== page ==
From Chile, the French company exports ingredients derived from fruit and vegetables grown locally and in other countries around the region.
Main Photograph: Diana-Food.com
Chile has an established reputation in the agribusiness sector where it stands out as a producer of high-quality raw materials. Thanks to this, it has achieved a consolidated position as an investment destination for companies interested in transforming these inputs into top-level products. This has contributed to the development of a new generation of healthier foods, with nutritional properties and less synthetic additives. Consumer demand for these products, both in Chile and in the country’s export markets, has grown exponentially in recent years, thanks to their quality and the preferential access to different markets afforded by the country’s trade agreements.
One example of this success is Diana Food, a French company that forms part of Germany’s Symrise Group, which has been present in Chile since 2007 following its acquisition of Biofruit. In Chile, the company specializes in the production of ingredients and inputs derived from fruit and vegetables grown locally and in neighboring countries: liquid and powder concentrates, flakes and crunchies that are used in formulated foods such as juices, soups, sauces, cereal bars, cookies and baked goods. In this way, the company adds value in Chile to raw materials from around the region. Jorge Ollé, Diana Food’s General Manager for Latin America, explains why the company chose Chile as its strategic platform in the region.
Stability and long-term view
With trade agreements that provide access to 86% of global GDP, Chile is today reaping the rewards of a long process of internationalization of its export basket. Similarly, the political-economic stability that characterizes the country has been a key factor for companies looking for profitability in the long term. According to Ollé, “the Free Trade Agreements make us much more competitive for global businesses. In addition, political stability allows us to invest with tranquility and a long-term vision.”
Wide availability of raw materials
“This is very important since Chile’s agricultural development, which has focused on exporting, means we have access to raw materials of very high quality and in line with different standards: for example, GMO-free, organic, controlled pesticides - ideal for the development of baby foods - farms certified for good practices and traceability. In addition, this development in different valleys and climates allows us to extend the growing season and make more efficient use of processing plants,” he indicates.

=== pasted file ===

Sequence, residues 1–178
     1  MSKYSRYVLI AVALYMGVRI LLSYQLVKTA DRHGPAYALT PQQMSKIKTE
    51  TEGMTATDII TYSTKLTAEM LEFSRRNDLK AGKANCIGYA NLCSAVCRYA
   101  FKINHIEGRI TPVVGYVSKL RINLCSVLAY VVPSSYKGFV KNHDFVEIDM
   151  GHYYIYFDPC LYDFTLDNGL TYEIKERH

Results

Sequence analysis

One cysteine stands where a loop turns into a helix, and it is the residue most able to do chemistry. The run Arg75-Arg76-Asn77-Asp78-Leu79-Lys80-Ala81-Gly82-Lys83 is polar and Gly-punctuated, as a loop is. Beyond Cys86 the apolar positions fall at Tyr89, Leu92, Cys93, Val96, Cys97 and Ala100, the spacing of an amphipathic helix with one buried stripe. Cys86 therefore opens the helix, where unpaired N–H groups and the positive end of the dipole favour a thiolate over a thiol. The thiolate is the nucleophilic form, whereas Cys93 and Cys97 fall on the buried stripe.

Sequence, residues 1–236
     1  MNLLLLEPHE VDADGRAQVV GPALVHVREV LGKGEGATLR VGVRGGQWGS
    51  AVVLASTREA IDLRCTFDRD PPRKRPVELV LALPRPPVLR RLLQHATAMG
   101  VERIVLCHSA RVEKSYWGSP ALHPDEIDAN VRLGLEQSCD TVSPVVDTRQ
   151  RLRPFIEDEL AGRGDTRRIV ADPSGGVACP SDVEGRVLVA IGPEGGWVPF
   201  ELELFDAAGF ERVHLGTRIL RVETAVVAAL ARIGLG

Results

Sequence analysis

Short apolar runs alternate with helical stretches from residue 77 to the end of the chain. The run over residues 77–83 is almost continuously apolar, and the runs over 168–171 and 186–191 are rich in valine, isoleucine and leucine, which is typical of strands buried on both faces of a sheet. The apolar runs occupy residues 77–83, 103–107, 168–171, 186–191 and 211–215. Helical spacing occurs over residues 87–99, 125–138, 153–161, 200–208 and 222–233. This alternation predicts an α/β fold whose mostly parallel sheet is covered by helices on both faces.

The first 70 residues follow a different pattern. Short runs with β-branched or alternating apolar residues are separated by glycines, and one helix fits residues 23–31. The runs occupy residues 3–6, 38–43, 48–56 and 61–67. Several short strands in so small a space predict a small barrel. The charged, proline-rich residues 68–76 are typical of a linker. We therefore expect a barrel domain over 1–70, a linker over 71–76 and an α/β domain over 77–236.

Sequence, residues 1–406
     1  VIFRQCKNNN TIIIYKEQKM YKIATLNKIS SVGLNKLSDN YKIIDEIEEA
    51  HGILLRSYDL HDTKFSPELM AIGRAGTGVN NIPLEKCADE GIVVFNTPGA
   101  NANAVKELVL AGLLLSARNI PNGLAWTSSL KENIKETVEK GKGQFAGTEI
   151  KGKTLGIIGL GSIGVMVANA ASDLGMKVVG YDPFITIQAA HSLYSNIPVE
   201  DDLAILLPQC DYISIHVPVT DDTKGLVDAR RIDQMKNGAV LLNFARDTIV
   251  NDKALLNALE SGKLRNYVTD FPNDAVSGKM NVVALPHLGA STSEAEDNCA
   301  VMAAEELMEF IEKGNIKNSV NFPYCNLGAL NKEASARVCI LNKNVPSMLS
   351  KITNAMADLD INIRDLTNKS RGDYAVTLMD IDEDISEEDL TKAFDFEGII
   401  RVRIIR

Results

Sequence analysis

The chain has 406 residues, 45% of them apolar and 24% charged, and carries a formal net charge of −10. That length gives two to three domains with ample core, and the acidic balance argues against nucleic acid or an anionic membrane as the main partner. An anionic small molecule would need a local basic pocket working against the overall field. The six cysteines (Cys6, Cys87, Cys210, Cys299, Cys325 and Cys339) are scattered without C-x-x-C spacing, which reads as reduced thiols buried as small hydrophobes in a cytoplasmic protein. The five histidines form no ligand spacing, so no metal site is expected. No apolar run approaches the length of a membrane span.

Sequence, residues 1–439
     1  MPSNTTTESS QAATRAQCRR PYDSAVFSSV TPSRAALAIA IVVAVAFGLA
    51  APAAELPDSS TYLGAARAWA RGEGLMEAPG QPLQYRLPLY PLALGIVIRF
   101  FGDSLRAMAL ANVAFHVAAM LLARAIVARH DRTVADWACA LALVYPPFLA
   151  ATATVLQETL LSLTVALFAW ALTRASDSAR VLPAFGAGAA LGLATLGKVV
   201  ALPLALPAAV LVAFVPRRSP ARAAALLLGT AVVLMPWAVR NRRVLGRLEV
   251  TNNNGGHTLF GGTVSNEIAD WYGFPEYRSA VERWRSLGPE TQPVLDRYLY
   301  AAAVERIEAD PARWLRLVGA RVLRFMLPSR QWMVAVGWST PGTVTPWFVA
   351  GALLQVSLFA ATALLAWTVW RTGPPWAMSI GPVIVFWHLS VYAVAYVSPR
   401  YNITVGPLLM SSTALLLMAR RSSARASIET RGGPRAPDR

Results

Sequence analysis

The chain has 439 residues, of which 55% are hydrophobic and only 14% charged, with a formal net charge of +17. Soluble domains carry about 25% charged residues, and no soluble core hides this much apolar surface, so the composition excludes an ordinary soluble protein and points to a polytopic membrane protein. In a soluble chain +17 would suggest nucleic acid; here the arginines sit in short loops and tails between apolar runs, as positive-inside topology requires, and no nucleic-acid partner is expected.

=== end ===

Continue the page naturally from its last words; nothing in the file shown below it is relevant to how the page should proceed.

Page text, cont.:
Around the country, there are currently over 60 institutes and R&D centers linked to the food industry. Together with the existence of an important number of processing companies, this has driven the development of a food industry that targets the world from Chile. “The level of technology available in Chile positions the country as a regional pole of production, which means we can import certain raw materials from neighboring countries, process them and export them globally as natural ingredients, thus greatly extending opportunities through a much broader and more attractive range of raw materials,” says Ollé.
Ease of doing business
Within Latin America, Chile takes top place in the Doing Business ranking calculated by the World Bank, reflecting its open approach to doing business with a focus on international markets. On this point, Ollé reports that “we see Chile as a country that offers ease of doing business in the food industry. From the agricultural world through to export logistics, there is a culture that respects matters such as traceability, the cold chain, food safety, certifications and documents. We have suppliers throughout the chain with a very good level of products, who are innovative and know the food business (as regards, for example, packaging, inputs and services). We have the support of universities and technology centers that permit innovation and the development of new products. All these factors seem obvious to us today but, when you operate in other countries, you realize they are strategic advantages and take years to develop.”
Chile has consolidated a strong export vocation. This gave rise to high-quality raw materials accompanied by a network of top-level services and the country is now moving towards a new industry that focuses on adding value. Investment opportunities in agribusiness are to be found principally in those segments and market trends that are conducive to this addition of value and take advantage of the skills developed over the last 20 years by both public and private players.